After four decades on the tube, Geraldo Rivera is just about as well known as a guy can get. “People either love me or hate me,” says the man with one of the most recognizable mugs in America. But no matter which camp folks fall into, one thing’s for sure: Everybody knows who he is. “Oprah, Cher, Lassie and me!” he agrees with a laugh.
To mark his 40th year in the TV biz, this weekend his current show — GERALDO AT LARGE (airing at 10PM EST Saturday and Sunday on Fox News) — will feature a retrospective that takes viewers down Memory Lane with the chair-dodging, vault-opening, war-covering newsman who once got high on national television to demonstrate the effects of smoking marijuana. And putting together the special was no easy task! “The hardest part was just finding everything! It’s been so long and there have been so many incarnations,” shares the TV vet. “There are some things you remember, some you remember just in the retelling, and others you’ve forgotten completely.” Certainly, neither he nor viewers will ever forget the 1988 GERALDO episode in which his nose was broken during a skirmish with racists. So thank goodness, he chuckles, “I found the chair I got hit by!”
How his career is defined by the public depends, he says, on how old the person is. “Some relate to me from the talk-show days, others from coverage of the war in Iraq.” As for Rivera, he considers the work he did in exposing the horrific conditions at Staten Island’s Willowbrook State School — a state-funded institution for children with developmental issues — the most important thing he’s ever done. “It helped change the way we think about the mentally retarded and developmentally disabled,” he says proudly of his Peabody-winning coverage, which began in 1972. “People put down TV news and punditry, but that is an example — that 15-year-long expose — of how television news can be part of the process of positive social change.”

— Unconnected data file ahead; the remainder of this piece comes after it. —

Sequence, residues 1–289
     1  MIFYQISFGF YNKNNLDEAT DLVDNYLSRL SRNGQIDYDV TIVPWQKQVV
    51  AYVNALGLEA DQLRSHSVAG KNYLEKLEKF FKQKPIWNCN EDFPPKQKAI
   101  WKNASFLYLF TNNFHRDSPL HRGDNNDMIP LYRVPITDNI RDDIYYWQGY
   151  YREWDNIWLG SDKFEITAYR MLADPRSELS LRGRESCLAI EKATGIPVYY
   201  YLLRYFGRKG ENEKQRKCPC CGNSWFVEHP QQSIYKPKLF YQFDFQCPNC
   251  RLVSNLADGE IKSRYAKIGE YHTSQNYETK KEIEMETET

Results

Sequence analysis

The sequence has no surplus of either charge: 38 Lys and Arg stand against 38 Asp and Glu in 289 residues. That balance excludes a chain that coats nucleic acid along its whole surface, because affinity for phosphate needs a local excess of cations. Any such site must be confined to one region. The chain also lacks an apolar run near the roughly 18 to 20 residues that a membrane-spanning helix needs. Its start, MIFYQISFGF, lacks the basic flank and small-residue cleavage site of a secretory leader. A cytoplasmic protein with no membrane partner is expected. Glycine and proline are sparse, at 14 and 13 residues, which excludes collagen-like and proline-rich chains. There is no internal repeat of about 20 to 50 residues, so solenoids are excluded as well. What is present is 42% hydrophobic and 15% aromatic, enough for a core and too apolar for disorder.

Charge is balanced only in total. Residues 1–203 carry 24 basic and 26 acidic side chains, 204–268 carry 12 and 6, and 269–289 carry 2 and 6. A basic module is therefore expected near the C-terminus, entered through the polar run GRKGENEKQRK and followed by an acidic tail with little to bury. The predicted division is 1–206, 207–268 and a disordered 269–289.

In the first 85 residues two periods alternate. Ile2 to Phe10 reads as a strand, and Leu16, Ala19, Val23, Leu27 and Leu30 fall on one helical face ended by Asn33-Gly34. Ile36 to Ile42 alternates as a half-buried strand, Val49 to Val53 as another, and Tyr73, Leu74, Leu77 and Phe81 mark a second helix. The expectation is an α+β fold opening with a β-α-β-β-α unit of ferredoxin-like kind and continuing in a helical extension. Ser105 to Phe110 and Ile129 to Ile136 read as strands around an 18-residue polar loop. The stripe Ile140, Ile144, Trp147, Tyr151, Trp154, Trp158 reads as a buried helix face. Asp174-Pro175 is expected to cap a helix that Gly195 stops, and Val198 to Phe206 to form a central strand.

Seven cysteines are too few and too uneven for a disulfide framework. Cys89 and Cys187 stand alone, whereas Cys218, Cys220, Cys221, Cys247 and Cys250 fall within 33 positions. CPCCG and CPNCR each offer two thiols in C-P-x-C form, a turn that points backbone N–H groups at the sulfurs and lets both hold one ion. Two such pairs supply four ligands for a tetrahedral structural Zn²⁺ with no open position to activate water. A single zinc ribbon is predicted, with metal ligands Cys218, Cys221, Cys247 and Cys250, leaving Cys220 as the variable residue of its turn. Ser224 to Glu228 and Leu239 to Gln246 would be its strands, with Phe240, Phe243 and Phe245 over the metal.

Unlike many who take up a cause for personal reasons, Rivera — who continues to fight for the mentally disabled — was simply moved by what he saw during his first visit to Willowbrook. “It was the trauma of that experience,” he admits. “I had nobody in my family that was impacted, no personal experience. I was absolutely in the dark about it.” Working on the story proved to be an eye-opening experience… in more ways than one. “I don’t say this very often, and I guess it’s kind of shameful in a way, but I was always very hesitant when I saw someone who was mentally handicapped. You know, you kind of look away, you don’t know whether to be embarrassed, whether to say hello. In my generation, we hid away people who didn’t look ‘normal.’ I had to conquer that aspect of my own prejudice.” But the story was one that demanded to be told. “I had to find out what the humanists in the field thought was a better way of dealing with the situation than throwing 60 or 70 people with profound disabilities into a room with one or two attendants and no one to really care for them. It’s what I imagine World War II soldiers felt like when they found the death camps. It was just shocking. It was early in my career and it was something that, I must say, was both a scar and a badge of honor.”
These days, Rivera can be found tackling tough issues on his Fox News show. And while that may seem an odd fit, given his rather liberal views — “I am for a woman’s right to choose, and I don’t care who marries who as long as they’re in love,” he declares — that’s not how he sees it. “If anything, working at Fox has forced me, in many ways, to appreciate the sincerity of those who see the world differently.” That said, he realizes that despite having labored in the news genre his entire life, there’s one interview he’s unlikely to land. “Although I’ve been generally supportive of President Obama, I think he’s gonna give The Dog Food Channel an interview before he gives it to me.”